Christopher Russell is about to perform the scarcely-heard fifth symphony by the intriguing Leningrad hermit, Galina Ustvolskaya. Chris tells Slipped Disc how this came about:
When California began its lockdown from the COVID-19 pandemic last spring, I set myself a personal artistic project to explore some new orchestral repertoire. As a conductor, I’m always on the hunt to discover something new and/or shine a light on some lesser-known music that I believe needs to be heard. I decided my project would be symphony cycles by composers whose complete set I’d not heard before. By the end of the summer, I’d listened to the cycles of 18 different composers totaling 122 symphonies. They included the cycles by Malcolm Arnold, Mozart Camargo Guarnieri, Louise Farrenc, William Grant Still, and even the 10 symphonies by Chinese composer Zhu Jian’er.
One symphony cycle I decided to listen to was of the Russian composer Galina Ustvolskaya (1919-2006). I’d come across her name only in the last ten years or so and knew she had a bit of a cult following. But that’s about it.
Ustvolskaya wrote five symphonies ranging from about eight to 25 minutes. They can all be heard in about 75 minutes. All five have some sort of spoken or sung text with Nos. 2-5 based on religious themes. Ustvolskaya’s music often explored Christianity and she talked about its importance in her life although, by her own admission, she pretty much never set foot inside of a church.
She once said “There is no link whatsoever between my music and that of any other composer whatsoever, living or dead”. At first, I thought this was a fairly arrogant thing to say but the more I explored her music, the more I came to realize that this was an accurate statement. Her unique instrumental combinations, strange harmonies, and repeated blocks of sound make for a unique listening experience. It quickly drew me in.
I’m an Associate Professor and the orchestra conductor at Azusa Pacific University, near Los Angeles. With the pandemic still raging through the summer, we followed most universities in California and moved our fall semester completely online. Obviously, this made for wild challenges in trying to do orchestra online via Zoom where even getting two people to play together is pretty much impossible. With my fall concert plans thrown out the window, I had to come up with some repertoire alternatives that focused on recording projects. I decided it was best and most manageable to divide the full orchestra into different-sized chamber orchestras. Coming off of my summer listening project, Ustvolskaya’s music came to mind as being both worth doing and doable in our new circumstances. Her Symphony No.5 “Amen” seemed a perfect fit.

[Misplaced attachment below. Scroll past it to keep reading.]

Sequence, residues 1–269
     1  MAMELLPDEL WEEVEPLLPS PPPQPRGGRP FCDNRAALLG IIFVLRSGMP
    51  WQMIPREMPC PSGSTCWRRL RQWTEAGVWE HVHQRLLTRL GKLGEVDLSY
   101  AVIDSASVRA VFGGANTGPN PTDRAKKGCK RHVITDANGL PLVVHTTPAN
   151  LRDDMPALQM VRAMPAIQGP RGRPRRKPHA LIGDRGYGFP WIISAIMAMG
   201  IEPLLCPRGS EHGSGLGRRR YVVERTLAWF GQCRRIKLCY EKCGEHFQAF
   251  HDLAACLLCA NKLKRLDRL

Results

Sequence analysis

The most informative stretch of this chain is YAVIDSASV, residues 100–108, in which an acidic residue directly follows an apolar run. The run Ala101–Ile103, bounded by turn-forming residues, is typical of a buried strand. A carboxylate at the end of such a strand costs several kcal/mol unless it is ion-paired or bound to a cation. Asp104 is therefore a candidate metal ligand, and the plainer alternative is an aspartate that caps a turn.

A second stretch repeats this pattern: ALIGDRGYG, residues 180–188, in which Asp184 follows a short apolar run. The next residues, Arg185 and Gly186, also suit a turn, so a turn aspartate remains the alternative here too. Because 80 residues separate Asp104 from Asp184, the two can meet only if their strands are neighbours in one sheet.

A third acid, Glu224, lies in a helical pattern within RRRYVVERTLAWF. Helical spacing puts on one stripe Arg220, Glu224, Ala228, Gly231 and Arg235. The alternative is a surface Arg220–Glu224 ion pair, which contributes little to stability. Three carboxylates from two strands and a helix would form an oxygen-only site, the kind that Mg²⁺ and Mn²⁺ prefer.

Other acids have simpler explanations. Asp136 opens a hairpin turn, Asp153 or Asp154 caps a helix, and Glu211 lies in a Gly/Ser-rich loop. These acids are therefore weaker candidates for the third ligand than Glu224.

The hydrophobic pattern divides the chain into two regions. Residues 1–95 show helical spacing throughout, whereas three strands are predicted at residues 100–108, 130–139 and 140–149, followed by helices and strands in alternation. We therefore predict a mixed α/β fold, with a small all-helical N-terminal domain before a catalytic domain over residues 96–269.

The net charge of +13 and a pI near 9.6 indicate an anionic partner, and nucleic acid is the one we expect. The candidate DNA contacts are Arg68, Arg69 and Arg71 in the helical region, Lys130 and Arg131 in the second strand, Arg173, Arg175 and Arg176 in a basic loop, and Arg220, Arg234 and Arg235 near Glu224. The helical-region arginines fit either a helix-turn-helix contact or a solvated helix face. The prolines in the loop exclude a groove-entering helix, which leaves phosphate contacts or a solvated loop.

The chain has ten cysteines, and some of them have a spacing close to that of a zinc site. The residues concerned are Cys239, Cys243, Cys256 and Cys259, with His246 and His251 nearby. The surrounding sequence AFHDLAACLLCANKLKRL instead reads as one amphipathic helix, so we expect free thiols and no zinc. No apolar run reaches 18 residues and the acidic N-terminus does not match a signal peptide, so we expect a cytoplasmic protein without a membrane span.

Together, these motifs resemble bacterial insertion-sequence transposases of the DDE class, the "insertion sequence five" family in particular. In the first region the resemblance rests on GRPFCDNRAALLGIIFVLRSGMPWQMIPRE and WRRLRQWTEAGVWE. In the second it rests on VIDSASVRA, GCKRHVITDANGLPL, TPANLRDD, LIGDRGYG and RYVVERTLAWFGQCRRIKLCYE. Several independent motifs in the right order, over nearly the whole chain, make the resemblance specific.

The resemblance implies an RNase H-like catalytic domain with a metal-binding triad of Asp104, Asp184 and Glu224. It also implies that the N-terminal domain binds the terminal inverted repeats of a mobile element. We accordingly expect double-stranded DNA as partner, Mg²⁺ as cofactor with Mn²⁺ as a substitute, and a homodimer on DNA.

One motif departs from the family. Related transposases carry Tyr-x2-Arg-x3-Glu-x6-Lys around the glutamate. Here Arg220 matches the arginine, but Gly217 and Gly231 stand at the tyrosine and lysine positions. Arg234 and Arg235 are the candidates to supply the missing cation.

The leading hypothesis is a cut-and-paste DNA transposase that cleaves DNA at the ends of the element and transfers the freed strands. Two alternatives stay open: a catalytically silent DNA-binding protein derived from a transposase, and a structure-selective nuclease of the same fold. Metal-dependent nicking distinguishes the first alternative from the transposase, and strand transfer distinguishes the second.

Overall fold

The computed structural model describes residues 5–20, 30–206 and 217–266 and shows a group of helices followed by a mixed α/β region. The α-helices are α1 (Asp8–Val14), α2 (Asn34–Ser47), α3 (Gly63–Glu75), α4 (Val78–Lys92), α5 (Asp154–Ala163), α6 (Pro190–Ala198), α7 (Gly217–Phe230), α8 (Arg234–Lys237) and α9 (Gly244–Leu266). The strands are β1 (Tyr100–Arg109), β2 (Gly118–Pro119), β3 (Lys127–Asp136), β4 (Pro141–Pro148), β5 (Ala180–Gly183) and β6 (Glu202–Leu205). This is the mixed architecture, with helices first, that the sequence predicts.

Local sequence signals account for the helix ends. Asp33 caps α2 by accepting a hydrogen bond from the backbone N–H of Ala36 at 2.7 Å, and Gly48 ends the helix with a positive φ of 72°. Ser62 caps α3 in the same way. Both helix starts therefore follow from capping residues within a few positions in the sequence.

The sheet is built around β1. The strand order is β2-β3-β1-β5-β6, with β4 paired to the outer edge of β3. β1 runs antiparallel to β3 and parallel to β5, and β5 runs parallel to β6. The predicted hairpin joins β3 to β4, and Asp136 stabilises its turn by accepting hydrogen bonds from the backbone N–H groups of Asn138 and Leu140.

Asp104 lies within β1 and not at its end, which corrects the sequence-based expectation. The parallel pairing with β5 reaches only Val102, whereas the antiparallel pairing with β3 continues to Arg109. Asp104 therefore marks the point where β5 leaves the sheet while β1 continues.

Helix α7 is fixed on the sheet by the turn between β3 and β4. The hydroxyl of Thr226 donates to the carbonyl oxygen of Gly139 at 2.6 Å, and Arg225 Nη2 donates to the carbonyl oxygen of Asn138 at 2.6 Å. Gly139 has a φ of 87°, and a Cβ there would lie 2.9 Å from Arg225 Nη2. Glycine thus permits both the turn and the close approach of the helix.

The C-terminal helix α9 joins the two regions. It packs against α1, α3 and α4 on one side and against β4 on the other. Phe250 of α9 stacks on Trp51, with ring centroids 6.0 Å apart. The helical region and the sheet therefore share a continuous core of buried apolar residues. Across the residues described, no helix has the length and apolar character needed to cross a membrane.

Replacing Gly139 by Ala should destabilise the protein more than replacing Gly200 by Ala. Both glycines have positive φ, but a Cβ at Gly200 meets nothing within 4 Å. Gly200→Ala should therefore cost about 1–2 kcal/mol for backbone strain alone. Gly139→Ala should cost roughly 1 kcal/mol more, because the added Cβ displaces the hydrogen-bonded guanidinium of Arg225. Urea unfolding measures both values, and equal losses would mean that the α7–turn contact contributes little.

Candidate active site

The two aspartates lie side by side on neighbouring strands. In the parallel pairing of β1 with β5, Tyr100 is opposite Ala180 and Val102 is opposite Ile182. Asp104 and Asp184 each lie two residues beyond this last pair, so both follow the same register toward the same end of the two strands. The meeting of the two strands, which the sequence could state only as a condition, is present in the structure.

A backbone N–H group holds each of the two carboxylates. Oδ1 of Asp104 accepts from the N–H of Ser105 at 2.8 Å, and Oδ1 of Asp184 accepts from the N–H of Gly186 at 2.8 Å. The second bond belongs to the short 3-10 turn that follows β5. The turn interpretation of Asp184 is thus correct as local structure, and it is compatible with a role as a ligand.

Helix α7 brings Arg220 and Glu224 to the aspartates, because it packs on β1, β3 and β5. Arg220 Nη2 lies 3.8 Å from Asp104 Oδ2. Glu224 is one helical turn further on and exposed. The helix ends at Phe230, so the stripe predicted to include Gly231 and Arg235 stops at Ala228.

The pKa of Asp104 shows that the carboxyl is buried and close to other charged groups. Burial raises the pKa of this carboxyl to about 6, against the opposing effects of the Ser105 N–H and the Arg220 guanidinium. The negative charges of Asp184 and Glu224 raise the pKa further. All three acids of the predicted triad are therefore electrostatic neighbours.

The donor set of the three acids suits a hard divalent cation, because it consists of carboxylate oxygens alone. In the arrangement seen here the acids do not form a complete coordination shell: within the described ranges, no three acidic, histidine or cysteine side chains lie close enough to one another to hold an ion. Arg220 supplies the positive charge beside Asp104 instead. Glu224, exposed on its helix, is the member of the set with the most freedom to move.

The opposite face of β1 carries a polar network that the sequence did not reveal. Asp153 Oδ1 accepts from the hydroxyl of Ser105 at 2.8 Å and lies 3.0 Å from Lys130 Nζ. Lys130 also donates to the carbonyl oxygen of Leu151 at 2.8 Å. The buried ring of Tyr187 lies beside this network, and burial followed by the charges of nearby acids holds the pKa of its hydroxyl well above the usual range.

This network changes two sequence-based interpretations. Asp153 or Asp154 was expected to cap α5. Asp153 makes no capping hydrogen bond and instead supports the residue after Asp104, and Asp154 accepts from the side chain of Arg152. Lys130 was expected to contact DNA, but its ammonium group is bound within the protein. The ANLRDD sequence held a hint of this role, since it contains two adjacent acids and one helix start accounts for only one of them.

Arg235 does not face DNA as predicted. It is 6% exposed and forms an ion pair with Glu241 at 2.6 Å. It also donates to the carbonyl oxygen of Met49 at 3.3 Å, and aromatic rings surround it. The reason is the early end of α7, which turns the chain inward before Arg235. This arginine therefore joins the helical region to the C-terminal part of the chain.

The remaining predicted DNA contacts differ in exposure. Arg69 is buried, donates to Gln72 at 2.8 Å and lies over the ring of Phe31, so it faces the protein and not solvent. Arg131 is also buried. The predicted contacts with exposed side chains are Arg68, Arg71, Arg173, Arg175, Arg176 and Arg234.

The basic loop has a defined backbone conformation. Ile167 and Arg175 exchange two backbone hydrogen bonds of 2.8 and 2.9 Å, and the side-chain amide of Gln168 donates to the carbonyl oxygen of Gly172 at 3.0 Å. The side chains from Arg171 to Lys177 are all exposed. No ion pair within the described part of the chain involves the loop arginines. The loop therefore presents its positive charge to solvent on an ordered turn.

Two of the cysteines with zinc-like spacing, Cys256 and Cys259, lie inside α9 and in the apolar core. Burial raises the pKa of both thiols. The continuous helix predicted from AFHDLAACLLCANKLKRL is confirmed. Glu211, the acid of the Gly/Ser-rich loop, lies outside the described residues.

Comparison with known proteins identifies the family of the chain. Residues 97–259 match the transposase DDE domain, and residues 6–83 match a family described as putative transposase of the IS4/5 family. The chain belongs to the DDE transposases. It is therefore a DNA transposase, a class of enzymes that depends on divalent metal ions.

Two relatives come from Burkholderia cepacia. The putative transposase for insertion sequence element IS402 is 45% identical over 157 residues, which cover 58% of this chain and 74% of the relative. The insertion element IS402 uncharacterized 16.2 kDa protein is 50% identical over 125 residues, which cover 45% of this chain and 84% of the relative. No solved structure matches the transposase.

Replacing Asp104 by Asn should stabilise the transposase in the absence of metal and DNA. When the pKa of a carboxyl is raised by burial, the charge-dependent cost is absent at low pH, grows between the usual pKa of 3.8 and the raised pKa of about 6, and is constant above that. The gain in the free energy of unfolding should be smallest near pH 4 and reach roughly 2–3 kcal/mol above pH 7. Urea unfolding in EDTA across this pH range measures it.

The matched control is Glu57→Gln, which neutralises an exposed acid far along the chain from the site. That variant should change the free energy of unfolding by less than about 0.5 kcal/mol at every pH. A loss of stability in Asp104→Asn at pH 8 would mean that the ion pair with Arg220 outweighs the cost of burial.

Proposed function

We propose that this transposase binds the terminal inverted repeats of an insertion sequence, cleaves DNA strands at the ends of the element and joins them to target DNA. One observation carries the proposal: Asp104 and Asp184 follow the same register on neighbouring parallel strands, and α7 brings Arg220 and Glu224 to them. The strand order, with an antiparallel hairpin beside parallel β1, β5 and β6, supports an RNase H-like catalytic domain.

The symphony is scored for only five instruments: oboe, trumpet, tuba, violin, and wooden cube. It also includes an actor who recites the Lord’s Prayer. It will be in English, not the original Russian, as Ustvolskaya said it can be done in the language of the performers.
Ustvolskaya also left specific instructions in the score for building the wooden cube. Her official website is very specific that she wanted this instrument to be a cube, not some coffin-shaped object as seen in other performances. Since most places don’t have wooden cubes built to her exact specifications lying around, the Operations Manager at our School of Music set out to construct one. I tried our newly-completed cube the other day and it sounds terrific. I am smiling under my mask.
I’ve worked with all the players on the symphony and they are also taken with Ustvolskaya’s singular sound world. We’re in the process of recording it with a goal of releasing the video next month.
There’s something completely compelling about this music. It doesn’t unfold the way a symphony is “supposed to”. It makes complete sense when you realize this is one person pouring out their heart to God. Prayers don’t typically follow sonata form. Thus, you’re taken on this personal and powerfully unique listening experience.